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Applying the lessons of psychology to the practicalities of relocation

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Applying the lessons of psychology to the practicalities of relocation

Matthew Richardson

Relocation applications are unusual in the extent to which the client’s ability to address the practicalities is such a key factor in the outcome. Unlike many other areas of children law where often the client cannot control or influence the key considerations, for example things like the nature and value of existing relationships and the harm suffered or at risk of suffering, in a relocation application a make-or-break factor is whether and to what extent the client seeking to move has properly planned what they seek to do.

With such an important part of the case being something over which the client has such significant influence, it is all the more important that we are able to find ways to encourage them into clear, focused thought and action. To that end, this article applies some readily available lessons from the field of psychology to the task of advising clients.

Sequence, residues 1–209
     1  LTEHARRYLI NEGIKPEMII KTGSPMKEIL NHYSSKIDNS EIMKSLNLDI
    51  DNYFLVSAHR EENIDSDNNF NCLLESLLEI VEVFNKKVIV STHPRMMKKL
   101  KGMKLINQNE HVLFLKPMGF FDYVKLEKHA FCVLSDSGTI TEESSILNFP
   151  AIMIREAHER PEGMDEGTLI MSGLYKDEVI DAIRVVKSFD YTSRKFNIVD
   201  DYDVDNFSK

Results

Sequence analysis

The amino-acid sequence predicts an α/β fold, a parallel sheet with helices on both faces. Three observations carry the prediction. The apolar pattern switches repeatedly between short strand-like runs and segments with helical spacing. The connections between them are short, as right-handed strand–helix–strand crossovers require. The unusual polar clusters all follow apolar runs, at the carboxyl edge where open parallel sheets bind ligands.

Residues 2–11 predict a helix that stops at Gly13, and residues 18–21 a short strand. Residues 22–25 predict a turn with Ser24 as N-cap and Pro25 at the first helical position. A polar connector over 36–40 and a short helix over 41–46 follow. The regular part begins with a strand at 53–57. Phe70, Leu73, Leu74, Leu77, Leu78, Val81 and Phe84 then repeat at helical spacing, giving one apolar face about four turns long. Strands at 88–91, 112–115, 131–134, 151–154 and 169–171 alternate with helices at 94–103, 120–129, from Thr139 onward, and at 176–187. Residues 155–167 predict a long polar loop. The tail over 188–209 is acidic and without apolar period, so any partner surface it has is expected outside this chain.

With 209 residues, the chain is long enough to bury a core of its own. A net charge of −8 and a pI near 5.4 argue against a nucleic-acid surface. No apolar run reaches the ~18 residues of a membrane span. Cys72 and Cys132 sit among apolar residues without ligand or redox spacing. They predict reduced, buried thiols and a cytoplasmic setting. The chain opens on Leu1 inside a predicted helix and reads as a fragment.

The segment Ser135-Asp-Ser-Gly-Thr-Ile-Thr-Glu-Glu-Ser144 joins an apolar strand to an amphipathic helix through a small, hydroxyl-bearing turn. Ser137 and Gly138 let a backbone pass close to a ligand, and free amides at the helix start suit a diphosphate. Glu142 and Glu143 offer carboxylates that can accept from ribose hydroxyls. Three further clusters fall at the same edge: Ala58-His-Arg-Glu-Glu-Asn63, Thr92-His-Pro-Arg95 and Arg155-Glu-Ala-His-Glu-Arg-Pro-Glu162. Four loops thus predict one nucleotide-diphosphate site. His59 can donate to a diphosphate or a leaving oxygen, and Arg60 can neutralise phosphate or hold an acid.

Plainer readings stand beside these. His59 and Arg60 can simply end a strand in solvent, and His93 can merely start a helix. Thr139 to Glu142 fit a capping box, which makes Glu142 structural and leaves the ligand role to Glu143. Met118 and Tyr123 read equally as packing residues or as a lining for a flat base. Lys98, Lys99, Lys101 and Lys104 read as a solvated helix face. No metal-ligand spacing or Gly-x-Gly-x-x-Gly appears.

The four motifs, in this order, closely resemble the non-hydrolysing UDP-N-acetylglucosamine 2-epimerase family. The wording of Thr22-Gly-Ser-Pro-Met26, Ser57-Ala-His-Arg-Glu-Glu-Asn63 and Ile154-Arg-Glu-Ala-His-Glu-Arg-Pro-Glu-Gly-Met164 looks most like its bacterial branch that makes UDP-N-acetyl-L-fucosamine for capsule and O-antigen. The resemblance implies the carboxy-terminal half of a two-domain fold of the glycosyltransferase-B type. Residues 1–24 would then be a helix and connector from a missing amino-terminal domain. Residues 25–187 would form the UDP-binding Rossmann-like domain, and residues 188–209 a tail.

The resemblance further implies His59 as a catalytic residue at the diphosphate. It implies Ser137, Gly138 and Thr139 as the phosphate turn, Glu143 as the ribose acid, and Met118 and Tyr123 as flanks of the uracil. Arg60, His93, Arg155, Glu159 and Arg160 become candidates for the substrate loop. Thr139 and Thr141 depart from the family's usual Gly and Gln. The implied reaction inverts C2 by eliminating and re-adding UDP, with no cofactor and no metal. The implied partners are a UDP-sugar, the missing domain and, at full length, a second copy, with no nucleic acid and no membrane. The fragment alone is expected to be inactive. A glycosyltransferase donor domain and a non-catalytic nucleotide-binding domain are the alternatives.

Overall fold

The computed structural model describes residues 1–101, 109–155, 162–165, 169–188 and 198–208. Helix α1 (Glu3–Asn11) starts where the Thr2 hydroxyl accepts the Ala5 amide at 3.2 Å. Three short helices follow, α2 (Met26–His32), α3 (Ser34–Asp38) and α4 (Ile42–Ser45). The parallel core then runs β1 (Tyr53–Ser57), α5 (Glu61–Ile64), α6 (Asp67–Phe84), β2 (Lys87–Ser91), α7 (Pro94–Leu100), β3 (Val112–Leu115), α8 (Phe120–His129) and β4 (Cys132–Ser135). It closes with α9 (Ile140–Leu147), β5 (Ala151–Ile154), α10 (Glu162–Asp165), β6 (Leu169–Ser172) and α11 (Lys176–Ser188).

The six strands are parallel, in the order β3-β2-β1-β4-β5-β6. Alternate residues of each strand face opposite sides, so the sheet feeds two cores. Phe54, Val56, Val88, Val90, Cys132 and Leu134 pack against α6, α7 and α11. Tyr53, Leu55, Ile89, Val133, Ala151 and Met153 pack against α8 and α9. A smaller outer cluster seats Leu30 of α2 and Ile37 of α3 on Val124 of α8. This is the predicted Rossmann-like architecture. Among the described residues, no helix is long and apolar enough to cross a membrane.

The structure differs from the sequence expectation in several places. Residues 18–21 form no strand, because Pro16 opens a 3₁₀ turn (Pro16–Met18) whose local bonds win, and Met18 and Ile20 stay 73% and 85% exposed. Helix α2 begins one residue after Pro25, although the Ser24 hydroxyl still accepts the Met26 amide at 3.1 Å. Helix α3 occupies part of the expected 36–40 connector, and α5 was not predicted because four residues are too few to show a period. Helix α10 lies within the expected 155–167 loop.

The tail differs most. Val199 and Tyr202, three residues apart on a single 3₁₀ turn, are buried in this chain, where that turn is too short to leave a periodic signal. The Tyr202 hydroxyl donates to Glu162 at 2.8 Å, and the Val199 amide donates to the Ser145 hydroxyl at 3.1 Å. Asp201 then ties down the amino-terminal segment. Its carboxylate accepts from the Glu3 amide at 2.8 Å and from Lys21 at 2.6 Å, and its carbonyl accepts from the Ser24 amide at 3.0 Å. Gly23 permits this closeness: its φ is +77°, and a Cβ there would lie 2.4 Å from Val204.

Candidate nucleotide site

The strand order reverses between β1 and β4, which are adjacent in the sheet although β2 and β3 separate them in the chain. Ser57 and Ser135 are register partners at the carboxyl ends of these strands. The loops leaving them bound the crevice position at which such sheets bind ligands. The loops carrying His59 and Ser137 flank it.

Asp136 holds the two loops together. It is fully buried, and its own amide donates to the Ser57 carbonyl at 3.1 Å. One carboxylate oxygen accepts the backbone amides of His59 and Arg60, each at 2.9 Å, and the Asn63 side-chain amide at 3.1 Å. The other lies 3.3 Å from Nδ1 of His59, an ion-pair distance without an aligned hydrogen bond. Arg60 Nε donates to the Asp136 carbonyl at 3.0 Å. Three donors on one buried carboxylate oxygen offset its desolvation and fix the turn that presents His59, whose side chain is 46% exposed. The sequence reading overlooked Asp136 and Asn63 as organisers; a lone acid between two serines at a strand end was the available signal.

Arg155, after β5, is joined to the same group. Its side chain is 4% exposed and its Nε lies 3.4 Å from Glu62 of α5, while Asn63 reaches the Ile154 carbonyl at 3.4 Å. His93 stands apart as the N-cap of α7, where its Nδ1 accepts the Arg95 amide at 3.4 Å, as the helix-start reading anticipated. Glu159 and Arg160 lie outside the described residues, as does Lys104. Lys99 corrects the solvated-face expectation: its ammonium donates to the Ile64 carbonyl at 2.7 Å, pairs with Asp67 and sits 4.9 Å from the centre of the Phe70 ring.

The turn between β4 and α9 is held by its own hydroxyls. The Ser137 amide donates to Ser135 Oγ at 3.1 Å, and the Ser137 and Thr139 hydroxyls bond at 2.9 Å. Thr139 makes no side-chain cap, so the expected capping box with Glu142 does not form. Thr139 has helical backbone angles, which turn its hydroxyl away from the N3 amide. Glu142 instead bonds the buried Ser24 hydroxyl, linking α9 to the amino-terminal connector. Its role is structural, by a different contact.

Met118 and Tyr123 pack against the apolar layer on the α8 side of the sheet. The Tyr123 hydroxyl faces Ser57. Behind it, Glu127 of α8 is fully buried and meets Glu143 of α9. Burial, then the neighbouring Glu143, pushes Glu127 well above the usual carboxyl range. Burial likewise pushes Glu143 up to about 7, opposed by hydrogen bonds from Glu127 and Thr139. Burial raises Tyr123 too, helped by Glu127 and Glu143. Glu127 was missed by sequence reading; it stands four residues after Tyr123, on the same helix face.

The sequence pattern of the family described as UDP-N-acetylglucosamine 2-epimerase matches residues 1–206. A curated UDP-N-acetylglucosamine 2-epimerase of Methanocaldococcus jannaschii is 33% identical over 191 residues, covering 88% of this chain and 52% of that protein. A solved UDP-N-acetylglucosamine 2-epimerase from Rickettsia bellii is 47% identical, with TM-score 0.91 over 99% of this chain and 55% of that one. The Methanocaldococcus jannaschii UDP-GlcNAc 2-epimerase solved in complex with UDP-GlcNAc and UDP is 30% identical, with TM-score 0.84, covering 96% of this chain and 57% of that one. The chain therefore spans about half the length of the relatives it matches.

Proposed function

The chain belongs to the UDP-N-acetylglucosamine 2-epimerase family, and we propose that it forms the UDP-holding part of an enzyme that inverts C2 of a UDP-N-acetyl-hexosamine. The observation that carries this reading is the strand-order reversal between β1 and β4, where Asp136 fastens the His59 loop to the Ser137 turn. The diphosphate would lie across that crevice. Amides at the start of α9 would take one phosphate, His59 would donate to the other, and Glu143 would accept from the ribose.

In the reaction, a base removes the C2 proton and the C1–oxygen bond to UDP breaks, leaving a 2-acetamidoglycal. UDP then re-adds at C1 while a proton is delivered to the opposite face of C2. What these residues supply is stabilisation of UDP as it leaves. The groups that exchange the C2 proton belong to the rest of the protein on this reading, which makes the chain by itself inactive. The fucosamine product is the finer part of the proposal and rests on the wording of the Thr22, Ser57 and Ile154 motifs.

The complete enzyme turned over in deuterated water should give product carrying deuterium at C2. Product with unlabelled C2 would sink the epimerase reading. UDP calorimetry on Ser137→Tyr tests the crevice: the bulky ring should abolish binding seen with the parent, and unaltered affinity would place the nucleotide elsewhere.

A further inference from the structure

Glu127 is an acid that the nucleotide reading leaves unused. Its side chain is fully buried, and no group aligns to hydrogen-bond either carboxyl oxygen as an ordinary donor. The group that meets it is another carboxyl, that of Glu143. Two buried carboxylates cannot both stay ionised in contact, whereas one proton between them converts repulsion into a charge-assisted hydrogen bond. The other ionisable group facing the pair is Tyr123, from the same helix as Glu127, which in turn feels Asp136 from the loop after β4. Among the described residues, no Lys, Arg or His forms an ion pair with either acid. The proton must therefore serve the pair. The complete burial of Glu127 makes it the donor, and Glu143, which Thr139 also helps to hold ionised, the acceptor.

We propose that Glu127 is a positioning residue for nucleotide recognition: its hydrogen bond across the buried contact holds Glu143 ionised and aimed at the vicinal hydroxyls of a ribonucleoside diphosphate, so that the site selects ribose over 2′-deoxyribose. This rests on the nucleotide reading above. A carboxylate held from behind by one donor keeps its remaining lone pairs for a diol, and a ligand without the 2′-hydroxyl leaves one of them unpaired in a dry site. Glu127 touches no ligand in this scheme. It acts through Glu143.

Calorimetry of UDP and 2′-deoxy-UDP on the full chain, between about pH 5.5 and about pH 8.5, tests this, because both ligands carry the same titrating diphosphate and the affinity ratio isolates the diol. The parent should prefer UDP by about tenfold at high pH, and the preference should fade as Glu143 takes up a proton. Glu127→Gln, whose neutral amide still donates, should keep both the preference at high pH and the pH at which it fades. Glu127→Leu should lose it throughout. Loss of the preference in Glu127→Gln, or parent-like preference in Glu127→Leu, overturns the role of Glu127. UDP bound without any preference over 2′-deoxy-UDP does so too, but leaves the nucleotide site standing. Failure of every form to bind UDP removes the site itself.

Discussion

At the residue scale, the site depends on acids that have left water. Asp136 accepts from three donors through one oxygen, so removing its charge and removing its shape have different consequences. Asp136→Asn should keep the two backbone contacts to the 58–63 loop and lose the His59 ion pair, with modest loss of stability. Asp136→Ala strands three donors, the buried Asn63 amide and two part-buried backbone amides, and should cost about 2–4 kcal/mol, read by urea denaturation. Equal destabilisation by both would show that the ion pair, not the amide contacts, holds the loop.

A good starting point for speaking to clients about the need to focus their energy and attention on those things over which they have control is the idea of the ‘circle of influence’ and the ‘circle of concern’ articulated by Stephen Covey in his book ‘The 7 Habits of Highly Effective People’. What he describes is the vital importance of being able to consider two different but related categories of things: First is the set of all things with which one is concerned (with the word being used in the widest sense, so as to refer to the things one thinks about, cares about, the things that have a greater and lesser impact on one’s life and the lives one cares about – generally speaking everything that is even remotely relevant to one’s life). Second is the set of things one can influence – things one can actually do something about – which naturally exists as a sub-set of the first.

The circle of concern / influence is a very helpful shorthand way of encouraging clients to spend their valuable time and energy where it matters, which is all the more important in cases where not only do the practicalities matter so much but also, as is often the case, where there may well remain a significant amount of ill-feeling about the behaviour of a former partner and co-parent. Unfettered, this ill-feeling leads easily to distracted, reactive focus on the words and actions of the other person, which of course cannot be directly influenced or altered.